“We always thought it was more like the mating call between a jackhammer and a Veg-O-Matic.”
Ultimately though, the colored key-signatures of each song would mean very little, as depending on the stability of the power outlets, the time of day, the weather forecast and the amount of radio stations in the vicinity, The Simeon would perform very differently. In fact, it was virtually impossible to predict the note that would come out of the oscillators when Coxe pressed any of the telegraph keys. To compensate for this, he would have to adjust his singing constantly, to which he says, “In the heat of battle, I would always have to pick my way through the vocal parts, because often we would end up on a chord-with-no-name. I remember Danny would just be shaking his head with a big grin on his face. I never knew if it meant he was sympathetic to the predicament I had created for myself, or if he was just saying to himself, ‘It’ll be funny to see Simeon get out of this one.’”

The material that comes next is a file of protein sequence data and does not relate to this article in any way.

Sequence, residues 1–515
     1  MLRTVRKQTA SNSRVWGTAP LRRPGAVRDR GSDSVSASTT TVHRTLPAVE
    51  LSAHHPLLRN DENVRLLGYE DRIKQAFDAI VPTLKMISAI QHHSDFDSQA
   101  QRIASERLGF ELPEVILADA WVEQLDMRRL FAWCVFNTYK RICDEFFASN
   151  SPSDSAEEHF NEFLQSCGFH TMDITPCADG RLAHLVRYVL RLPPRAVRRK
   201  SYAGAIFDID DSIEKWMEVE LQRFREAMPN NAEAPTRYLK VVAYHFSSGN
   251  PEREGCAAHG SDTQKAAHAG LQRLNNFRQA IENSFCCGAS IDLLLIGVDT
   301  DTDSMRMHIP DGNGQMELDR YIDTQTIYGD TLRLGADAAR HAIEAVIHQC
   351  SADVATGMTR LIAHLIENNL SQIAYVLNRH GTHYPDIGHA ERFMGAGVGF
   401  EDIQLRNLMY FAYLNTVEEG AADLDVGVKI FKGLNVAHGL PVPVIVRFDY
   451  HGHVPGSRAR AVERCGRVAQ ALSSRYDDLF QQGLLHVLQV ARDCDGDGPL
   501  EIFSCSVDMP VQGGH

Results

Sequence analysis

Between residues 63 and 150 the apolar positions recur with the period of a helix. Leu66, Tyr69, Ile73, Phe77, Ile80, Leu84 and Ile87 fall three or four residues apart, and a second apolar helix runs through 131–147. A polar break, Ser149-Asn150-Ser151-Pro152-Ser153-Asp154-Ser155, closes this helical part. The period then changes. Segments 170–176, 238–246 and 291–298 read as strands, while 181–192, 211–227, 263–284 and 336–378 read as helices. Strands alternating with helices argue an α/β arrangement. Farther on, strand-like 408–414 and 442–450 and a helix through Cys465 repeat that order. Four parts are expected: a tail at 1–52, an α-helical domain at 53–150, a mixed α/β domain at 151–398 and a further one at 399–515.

However, this unavoidable dissonance was at least partially responsible for giving the band its otherworldly, inimitable sound. Clash Magazine ran an interview between Coxe and Portishead’s Geoff Barrow in 2010, where Barrow likens the out-of-tune oscillators to ‘glue’ holding the Silver Apples songs together. It’s this inherent glue that made the Simeon so unique, in fact. Instead of using ill-tuned instruments to a achieve a raw sound – as in the case of Ariel Pink, The Stooges or Sun Araw – or ill-tuned samples, in the case of Madlib or Spaceghostpurrp, the whole aesthetic was contained in a single instrument. The sound of perfect pitch is not the sound of humanity.